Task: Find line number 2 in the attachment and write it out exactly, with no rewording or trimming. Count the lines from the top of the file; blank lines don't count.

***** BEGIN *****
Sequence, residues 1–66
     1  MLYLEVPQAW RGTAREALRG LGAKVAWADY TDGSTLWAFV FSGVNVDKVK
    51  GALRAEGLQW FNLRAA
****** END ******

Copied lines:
     1  MLYLEVPQAW RGTAREALRG LGAKVAWADY TDGSTLWAFV FSGVNVDKVK